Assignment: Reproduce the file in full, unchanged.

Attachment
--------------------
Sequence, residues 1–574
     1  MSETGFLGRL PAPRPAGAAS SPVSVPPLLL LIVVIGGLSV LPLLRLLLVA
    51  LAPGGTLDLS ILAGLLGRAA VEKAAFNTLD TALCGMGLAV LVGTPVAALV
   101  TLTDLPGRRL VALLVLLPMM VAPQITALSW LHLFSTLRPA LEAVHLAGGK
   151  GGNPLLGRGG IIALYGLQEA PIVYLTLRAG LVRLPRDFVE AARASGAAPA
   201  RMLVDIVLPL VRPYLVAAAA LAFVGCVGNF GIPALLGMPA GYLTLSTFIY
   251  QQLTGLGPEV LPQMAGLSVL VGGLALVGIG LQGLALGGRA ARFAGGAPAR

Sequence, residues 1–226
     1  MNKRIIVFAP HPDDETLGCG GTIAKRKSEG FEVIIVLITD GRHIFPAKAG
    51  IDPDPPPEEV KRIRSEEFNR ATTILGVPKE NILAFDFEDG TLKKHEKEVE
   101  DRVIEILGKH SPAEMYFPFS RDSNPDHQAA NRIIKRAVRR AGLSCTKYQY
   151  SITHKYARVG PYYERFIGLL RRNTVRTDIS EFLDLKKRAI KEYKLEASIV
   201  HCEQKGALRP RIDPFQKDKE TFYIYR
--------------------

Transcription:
Sequence, residues 1–574
     1  MSETGFLGRL PAPRPAGAAS SPVSVPPLLL LIVVIGGLSV LPLLRLLLVA
    51  LAPGGTLDLS ILAGLLGRAA VEKAAFNTLD TALCGMGLAV LVGTPVAALV
   101  TLTDLPGRRL VALLVLLPMM VAPQITALSW LHLFSTLRPA LEAVHLAGGK
   151  GGNPLLGRGG IIALYGLQEA PIVYLTLRAG LVRLPRDFVE AARASGAAPA
   201  RMLVDIVLPL VRPYLVAAAA LAFVGCVGNF GIPALLGMPA GYLTLSTFIY
   251  QQLTGLGPEV LPQMAGLSVL VGGLALVGIG LQGLALGGRA ARFAGGAPAR

Sequence, residues 1–226
     1  MNKRIIVFAP HPDDETLGCG GTIAKRKSEG FEVIIVLITD GRHIFPAKAG
    51  IDPDPPPEEV KRIRSEEFNR ATTILGVPKE NILAFDFEDG TLKKHEKEVE
   101  DRVIEILGKH SPAEMYFPFS RDSNPDHQAA NRIIKRAVRR AGLSCTKYQY
   151  SITHKYARVG PYYERFIGLL RRNTVRTDIS EFLDLKKRAI KEYKLEASIV
   201  HCEQKGALRP RIDPFQKDKE TFYIYR